Next Monday is the last day, June 30th, of the current Huntley School District 158 teachers contract.
It is also the next scheduled meeting date with the federal mediators and the teachers union.
Will a deal get done?
Not by Monday. That’s for sure.
There is no incentive for the union’s professional negotiators to come to an agreement before the contract expires.
Not when the union has the threat of a strike to extract big concessions from the school board in the days right before the new teachers are scheduled to report for their first day on the job (days before the first day for the students).
The school board has made it clear the union has yet to put a reasonable proposal on the table.
With the union starting at 35% for next year’s increase in salary and benefits and the board starting with over 5%, the union is in the driver’s seat to decide when real negotiations will begin.
The board’s initial offer is higher than the rate of inflation. By starting out so high, board members have left themselves no way to increase to make a concession and be seen as responsive to their taxpayers.
As long as the union keeps its offer outside of the range of reality, the union can keep wasting the board members’ time.
The union plays the game with rehearsed acting on the part of its negotiating team members. They should try out for community theater.
They deliberately frustrate the district’s negotiating team by refusing to recognize economic reality. There is an enormous difference between meeting the technical legal requirements of what’s called “good faith” bargaining and real sincere bargaining.
Do the professional negotiators for the union have to be reasonable with the mediators?
In a word, “No.”
All the union has to do is talk a good game. And keep insisting that the school board needs to be making concessions. And, of course, keep insisting that its new proposal is reasonable.
Remember how Bill Clinton said it depends on how you define the word “is?”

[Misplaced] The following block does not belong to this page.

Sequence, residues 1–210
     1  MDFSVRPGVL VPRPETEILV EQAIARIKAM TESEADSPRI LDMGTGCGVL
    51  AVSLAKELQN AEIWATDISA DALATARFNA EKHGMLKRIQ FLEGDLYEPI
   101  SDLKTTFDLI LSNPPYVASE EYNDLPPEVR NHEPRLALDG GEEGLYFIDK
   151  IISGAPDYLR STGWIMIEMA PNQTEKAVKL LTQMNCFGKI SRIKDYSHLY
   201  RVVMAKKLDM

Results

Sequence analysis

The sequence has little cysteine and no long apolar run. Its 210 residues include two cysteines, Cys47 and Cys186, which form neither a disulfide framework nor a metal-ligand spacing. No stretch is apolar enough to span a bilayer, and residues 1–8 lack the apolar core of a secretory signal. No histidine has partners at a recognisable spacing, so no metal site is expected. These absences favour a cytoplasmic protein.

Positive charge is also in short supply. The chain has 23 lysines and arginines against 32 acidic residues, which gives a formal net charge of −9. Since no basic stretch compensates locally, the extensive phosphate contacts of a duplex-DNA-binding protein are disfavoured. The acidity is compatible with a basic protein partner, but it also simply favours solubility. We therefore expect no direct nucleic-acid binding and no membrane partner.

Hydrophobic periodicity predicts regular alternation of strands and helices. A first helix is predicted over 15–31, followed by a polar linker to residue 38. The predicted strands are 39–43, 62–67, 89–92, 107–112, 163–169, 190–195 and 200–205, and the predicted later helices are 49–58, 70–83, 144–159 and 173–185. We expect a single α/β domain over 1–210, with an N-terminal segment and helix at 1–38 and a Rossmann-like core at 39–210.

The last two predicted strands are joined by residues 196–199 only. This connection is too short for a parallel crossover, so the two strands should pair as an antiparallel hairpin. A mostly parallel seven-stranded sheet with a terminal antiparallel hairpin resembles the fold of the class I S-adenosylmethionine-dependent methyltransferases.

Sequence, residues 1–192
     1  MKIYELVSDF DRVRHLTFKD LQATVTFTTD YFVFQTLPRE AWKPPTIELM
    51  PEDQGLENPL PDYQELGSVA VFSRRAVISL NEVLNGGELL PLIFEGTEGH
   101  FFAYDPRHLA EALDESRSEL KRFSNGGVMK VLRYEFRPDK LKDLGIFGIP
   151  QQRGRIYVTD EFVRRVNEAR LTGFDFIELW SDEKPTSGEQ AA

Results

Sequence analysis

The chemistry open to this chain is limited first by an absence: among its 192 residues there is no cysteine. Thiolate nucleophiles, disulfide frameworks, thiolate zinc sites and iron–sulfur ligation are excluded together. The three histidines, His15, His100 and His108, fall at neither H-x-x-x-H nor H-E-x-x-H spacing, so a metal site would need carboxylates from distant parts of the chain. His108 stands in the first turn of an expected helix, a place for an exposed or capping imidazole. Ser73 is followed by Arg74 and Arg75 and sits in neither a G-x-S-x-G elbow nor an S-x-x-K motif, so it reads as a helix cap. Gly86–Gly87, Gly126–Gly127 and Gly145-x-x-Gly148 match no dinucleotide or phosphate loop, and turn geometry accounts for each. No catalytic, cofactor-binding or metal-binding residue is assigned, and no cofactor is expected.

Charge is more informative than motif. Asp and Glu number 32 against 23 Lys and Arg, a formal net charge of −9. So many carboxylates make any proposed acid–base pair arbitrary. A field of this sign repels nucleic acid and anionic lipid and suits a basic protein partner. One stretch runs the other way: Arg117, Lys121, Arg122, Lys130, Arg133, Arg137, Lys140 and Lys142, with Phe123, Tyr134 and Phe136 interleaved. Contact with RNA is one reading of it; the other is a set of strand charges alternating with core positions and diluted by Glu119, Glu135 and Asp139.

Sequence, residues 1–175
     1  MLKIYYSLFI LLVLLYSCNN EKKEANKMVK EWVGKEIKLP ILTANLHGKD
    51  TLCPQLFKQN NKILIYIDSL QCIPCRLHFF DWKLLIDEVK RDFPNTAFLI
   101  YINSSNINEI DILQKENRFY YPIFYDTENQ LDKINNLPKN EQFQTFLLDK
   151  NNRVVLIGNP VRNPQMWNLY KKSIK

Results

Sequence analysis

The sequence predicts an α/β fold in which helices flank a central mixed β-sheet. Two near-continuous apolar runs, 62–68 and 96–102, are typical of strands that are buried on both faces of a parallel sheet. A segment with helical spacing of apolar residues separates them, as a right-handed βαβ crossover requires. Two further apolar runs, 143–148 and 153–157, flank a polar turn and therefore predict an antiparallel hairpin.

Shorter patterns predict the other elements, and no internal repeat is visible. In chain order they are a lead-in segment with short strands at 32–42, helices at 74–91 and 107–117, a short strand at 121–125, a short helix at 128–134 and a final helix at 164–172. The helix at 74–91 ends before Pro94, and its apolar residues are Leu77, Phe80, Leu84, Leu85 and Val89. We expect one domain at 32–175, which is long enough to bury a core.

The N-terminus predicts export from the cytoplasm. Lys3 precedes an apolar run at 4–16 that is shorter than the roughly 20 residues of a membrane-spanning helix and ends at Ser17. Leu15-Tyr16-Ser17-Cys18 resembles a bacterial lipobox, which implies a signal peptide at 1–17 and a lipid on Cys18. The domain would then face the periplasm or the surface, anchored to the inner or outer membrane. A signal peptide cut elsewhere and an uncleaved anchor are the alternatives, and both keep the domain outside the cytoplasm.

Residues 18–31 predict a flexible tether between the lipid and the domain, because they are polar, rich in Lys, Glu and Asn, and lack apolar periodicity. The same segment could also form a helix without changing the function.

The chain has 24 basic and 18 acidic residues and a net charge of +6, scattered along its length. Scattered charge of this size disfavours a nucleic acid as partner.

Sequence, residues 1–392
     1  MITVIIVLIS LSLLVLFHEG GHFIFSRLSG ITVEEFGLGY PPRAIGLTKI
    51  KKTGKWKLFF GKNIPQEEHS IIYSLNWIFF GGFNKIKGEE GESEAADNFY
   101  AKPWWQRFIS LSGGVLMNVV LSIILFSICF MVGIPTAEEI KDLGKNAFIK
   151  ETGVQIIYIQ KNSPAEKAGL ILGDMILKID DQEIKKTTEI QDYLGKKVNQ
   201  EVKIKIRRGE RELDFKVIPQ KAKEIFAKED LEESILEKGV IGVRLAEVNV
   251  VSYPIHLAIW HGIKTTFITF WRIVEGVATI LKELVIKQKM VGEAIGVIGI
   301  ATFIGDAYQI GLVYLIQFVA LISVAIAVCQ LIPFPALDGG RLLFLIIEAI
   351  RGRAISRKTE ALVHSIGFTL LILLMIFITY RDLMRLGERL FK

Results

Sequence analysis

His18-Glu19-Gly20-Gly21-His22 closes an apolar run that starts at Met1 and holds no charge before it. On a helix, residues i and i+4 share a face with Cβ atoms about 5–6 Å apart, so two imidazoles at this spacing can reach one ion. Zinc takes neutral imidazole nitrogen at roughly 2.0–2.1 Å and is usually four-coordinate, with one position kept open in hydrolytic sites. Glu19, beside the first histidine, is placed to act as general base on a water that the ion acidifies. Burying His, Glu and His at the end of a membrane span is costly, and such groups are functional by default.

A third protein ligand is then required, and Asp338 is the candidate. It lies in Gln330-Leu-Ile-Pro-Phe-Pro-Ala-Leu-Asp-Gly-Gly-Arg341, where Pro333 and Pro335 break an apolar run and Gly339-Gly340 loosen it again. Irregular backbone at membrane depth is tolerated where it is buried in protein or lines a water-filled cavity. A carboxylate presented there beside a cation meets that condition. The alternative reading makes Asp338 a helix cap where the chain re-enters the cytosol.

Now think of professional union negotiators who know how to define what the word “reasonable” is.
The game for the teachers union in Huntley District 158 is stringing the mediators along until a before-go-back-to-school date for the teachers.
Of course, the federal mediators have been around the block and know how the IEA negotiators operate.
The easiest way for the mediators to induce a settlement is to insist the school board to start making concessions. This, of course, plays into the union’s hand.
What a pretty position for the union to be in.
Unless you realize the union’s taking a hard line position for months could have had the opposite of the intended effect–convincing board members the union leadership is being ridiculously unreasonable.
Something that is more likely to be resented and not result in giving the union the benefit of the doubt.
It’s human nature to not take very seriously someone who is being ridiculously unreasonable.
Continuing to insist on a 35% increase in take-home pay and benefits would strike no one as “reasonable.”
I can see where the school board could look at the union’s lack of sincerity, step back and say,
“There’s only so much money and, if the union wants to play the strike card, then there is nothing we can do about it.”
Tomorrow: Restrictions and Limitations of Regressive Bargaining.
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Same old picture from two years’ ago of newly appointed Superintendent John Burkey telling teacher union leaders that the contract that the school board refused to make public and which they had no idea of the cost would not be approved that night as expected.